Beef Back Ribs

On a tight budget? Beef back ribs might be the way to go for you. These inexpensive ribs can be a real bargain if you now how to choose the right ones. And don't let the low price fool you. When cooked right, beef ribs are tender and flavorful, and always a good choice for barbecuing.

A full rack should have seven ribs. Beef back ribs are cut from the top end of the rib cage, next to the backbone. The connective tissue between the ribs is tough if not cooked long enough. But when cooked right, these ribs are great!



Choose Good Quality Ribs

It's important to be choosy when picking up beef ribs at the meat counter. Look closely at each slab, and you'll see that most of them have been stripped of a lot of the meat. You'll see that it's been removed from between the rib bones.

Pick a slab that has plenty of meat left on it if you can find one. If not, talk to the butcher and ask if he can set you up with meatier ribs. You may have better luck getting good ribs at a butcher shop rather than the local discount grocery store.


Preparing Beef Ribs for Barbecue

All ribs have a rubbery membrane on the bone side of the slab, which is called the "fell". If you want truly great ribs, remove this membrane, and scrape off the excess fat that hides underneath. If left on, the fell prevents marinade and dry rub flavors from getting into the meat, not to mention that it's pretty tough and chewy.

Removing the fell is as easy as slipping a dull butter knife under it, between two ribs. Pry it up a little, then grab it and pull it off, using a paper towel for better grip if needed. After the membrane and fat is removed, it's time to add some flavor.


Seasoning The Ribs

Before hitting the barbecue, beef back ribs can be seasoned with a spicy dry rub or marinated. If you can plan ahead, let the ribs marinate or rest coated with dry rub overnight in the fridge. The spice flavors will penetrate the meat as it rests.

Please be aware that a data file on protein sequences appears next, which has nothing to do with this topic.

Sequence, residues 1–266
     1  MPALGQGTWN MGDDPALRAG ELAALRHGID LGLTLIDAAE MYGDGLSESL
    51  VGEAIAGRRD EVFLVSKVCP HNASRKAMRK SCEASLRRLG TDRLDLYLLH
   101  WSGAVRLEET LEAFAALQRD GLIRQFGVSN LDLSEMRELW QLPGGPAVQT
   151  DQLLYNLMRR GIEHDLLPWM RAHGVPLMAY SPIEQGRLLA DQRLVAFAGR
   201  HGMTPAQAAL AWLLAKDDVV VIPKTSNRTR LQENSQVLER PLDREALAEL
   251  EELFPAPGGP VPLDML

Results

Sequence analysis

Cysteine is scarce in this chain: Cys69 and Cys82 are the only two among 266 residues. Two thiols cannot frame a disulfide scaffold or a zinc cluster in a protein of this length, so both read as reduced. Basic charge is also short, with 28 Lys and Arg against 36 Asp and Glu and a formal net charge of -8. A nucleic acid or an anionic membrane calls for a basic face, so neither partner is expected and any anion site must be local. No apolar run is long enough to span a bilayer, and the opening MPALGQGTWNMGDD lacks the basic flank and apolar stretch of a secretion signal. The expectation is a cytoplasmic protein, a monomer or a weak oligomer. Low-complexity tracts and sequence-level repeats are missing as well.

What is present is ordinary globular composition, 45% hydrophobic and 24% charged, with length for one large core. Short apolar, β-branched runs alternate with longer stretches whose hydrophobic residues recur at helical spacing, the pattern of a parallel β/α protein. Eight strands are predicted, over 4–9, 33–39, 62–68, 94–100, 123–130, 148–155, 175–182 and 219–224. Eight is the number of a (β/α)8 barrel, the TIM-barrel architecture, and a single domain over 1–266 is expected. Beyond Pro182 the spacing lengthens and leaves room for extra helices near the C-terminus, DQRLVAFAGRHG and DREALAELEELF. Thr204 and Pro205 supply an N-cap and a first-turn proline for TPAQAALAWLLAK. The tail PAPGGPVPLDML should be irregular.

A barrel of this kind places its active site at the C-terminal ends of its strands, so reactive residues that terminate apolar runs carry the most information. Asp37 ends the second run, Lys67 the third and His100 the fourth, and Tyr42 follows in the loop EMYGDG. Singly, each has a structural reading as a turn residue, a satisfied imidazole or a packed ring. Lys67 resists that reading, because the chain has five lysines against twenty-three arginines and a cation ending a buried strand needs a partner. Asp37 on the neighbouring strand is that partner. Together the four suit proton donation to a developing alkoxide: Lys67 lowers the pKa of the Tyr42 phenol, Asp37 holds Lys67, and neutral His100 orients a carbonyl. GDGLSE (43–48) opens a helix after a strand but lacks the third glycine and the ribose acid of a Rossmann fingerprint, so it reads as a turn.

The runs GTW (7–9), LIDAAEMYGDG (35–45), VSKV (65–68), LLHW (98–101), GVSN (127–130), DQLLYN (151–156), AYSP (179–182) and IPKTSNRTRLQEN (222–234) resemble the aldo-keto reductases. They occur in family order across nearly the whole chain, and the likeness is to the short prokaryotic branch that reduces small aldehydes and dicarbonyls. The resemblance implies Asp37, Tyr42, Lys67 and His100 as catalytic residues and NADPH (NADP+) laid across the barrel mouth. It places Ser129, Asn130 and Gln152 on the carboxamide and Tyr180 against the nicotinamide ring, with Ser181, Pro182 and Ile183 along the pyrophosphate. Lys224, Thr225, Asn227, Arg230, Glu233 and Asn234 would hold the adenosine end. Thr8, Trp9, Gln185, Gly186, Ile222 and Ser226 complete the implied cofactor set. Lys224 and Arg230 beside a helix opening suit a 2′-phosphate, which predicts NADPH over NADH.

Dry rubs contain a mixture of spices, herbs, sugar and salt. They can be hot and spicy, or mild and mellow. Onion powder, cayenne pepper, black pepper, paprika, cumin, and garlic powder are a few of the spices commonly included in beef back rib dry rubs.

A marinade usually contains some type of acidic liquid as a base...vinegar, citrus juice, wine and even Coca Cola are commonly used in marinades. Herbs, spices and even vegetables are added for more flavor.




Barbecuing Beef Back Ribs

The connective tissue in back ribs can require a lot of time to break down. And when it melts, it adds a lot of great flavor and juiciness to the ribs.

When barbecuing beef ribs in a gas or charcoal grill, use the indirect grilling method. Try to keep the heat at a medium level, between 250 and 300 degrees Fahrenheit. Rotate and turn them occasionally as they cook. It doesn't hurt to baste the ribs with mopping sauce a few times along the way, either.

To speed up the cooking process, wrap the ribs in foil after one and one-half to two hours of barbecuing. Place 'em back in the grill for another one to two hours, then check them for tenderness.

Remove the beef back ribs from the foil and coat them with your favorite homemade barbecue sauce. Continue cooking over low indirect heat until the sauce thickens. Remove from the grill, and let the feast begin!

Depending on the size and meatiness of the ribs, figure on serving two or three ribs per person. One good sized slab can feed one or two big eaters, or three or four lightweights.


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